I’m rubbish at finishing up anything…I’m not – as someone once said on one of those awful management profiling sessions – ‘a completer’. Still by my standards the first of this group was only dated back in early 2020 so this is both high productivity and well-honed decision making! And as luck has it the group consists of twenty eight so neatly fitting together in the seven by four grid. This means I’ve now got three of the districts that make up The Heart Of Rural England (that’s the strap line taken from the Leicestershire county boundary sign). It’s taken very nearly a decade to get NW Leics., Charnwood & Melton sorted and with four more to go…plus the city itself its a moot point as to whether this series is ever completed – by me at least! The only plus point being that I seem to be speeding up as I go.
Closing in on the Melton Borough leg of the mammoth Heart Of Rural England project that is titled Painting The Town Red. As often suggested I doubt very much that the good folk of Harby will recognise the place from the picture but as Kurt says “so it goes”. This very day I was plodding about in Foxton – another leg of the project in the Harborough District.
Sometimes it’s difficult to understand what you are trying to do – take for instance the project I’ve mentioned once or twice – the Hinckley and Bosworth leg of my Heart of Rural England series. I went out on the first trip for this leg two weeks back and again this past week. But I was struck by the fact that my enthusiasm for taking the photographs that have previously made up the imagery for the canvases has somewhat waned. Not surprising really given that as I go into this part of the project it gets harder and harder to find arresting and original images that might make up the canvas in question. After all Burbage (trip 1) is really no more than a suburb of Hinckley nowadays and is not so different to several others…The villages of Ratcliffe Culey, the ‘Sheepy’s – Magna & Parva, and Sibson (trip 2) much like many others across the county. Maybe it’s time for rethink?
I mused on this whilst walking across to Burbage Common – a walk that took me away from the ‘town’ and into the Leicestershire Countryside, and again whilst journeying between the latter group, a longer trip of around 7.5 miles. Of course I took plenty of pictures in and between locations that might just be what I’m looking for on this leg of the journey. But it needs mulling over for a bit….more thinking required!
Something that doesn’t need much further thought is the alarming decline of our rivers and streams. The second trip involved criss-crossing Shenton Brook several times and passing the rivers Sence and Tweed. All seemed pretty much as dead as the dodo in regard to wildlife…a sad story if my surmise is correct? Meanwhile two more completed paintings from part three of the Heart Of Rural England (Melton Borough – Painting The Town Red)
I’m getting towards the mid point of my ‘Fifty Year Itch‘ project that sees me posting a painting a day representing each year of practice from 1971 to my 70th birthday in June. But of course these pictures have all been made now. So back to the ‘day job’ that – for me at least – is now just getting on with the various other series of paintings and objects that make up my art practice now. It wasn’t always like this and the ‘Fifty Year itch‘ documents the ways in which earning a living both enhanced and distracted from making art in the past. Luckily all behind me now (though C19 lockdown reminds us all of how social interaction is vital to our sense of wellbeing).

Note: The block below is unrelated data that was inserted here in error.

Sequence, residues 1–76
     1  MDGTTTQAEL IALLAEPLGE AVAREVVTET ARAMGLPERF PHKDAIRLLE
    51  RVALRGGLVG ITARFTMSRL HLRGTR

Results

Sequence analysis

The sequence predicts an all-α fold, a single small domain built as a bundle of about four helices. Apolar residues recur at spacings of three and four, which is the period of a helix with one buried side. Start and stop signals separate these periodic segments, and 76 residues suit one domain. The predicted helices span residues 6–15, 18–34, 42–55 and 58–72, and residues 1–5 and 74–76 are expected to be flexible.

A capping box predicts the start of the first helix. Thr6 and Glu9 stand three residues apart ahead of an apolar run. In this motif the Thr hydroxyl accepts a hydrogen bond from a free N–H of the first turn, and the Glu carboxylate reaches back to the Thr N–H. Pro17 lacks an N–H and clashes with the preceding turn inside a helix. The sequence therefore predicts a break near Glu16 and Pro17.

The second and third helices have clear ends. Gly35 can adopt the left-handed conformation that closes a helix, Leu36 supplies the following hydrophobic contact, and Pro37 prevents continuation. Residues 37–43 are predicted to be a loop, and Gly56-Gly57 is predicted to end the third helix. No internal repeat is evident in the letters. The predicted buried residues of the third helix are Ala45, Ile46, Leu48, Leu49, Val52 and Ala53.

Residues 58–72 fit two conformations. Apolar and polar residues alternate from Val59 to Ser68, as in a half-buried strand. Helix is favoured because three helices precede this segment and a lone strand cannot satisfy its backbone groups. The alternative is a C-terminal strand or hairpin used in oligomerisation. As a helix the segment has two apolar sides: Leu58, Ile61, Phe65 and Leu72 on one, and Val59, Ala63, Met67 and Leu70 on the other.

So back to the third part of my project to get round each district of Leicestershire making a painting for each town, village or hamlet (as defined in the district handbooks). ‘Painting The Town Red‘ is the leg that takes in Melton borough and here’s my quixotic take on two more places. Besides this I’m still working on the Paintings Standing Up…with several larger pieces in the process of being resolved (at least to my satisfaction).
The weekend also brought a treat – my copy of Andrew Bracey’s excellent book on his Enough Is Definitely Enough project arrived plus my individually made artwork from him. My contribution to the project is modest enough so I can recommend the book as a whole without seeming too immodest! Congratulations are due to Andrew, not only for the idea, but the exhibition and the publication that are a considerable achievement.
It seems I’ve missed posting anything for well over a month – I guess that’s ‘lockdown’ for you. But I’m still at it, making work and planning projects. One is coming up soon…and monopolising quite a bit of my time at present.
Meanwhile I’m still pushing on with both the Lunar Pulls pictures (though rather occasionally and with a change of focus and approach) and the latest instalment of the ‘mega-project’ that is tracking the whole of Leicestershire through series of paintings for each district. I’m currently on the third leg, the Melton District, that I’m calling Painting The Town Red. This is the painting for Kirby Bellars.
Work continues, and some things are completed. But it gets harder to find motivation during this – seemingly – everlasting lockdown. Not least as the prospects of work ever seeing the light of day seem ever more remote. However I had my first jab a couple days back so as more and more of us are inoculated we can only hope that some kind of partial resolution of our predicament is somewhere up ahead. Meanwhile I’ve polished off another Enid panel…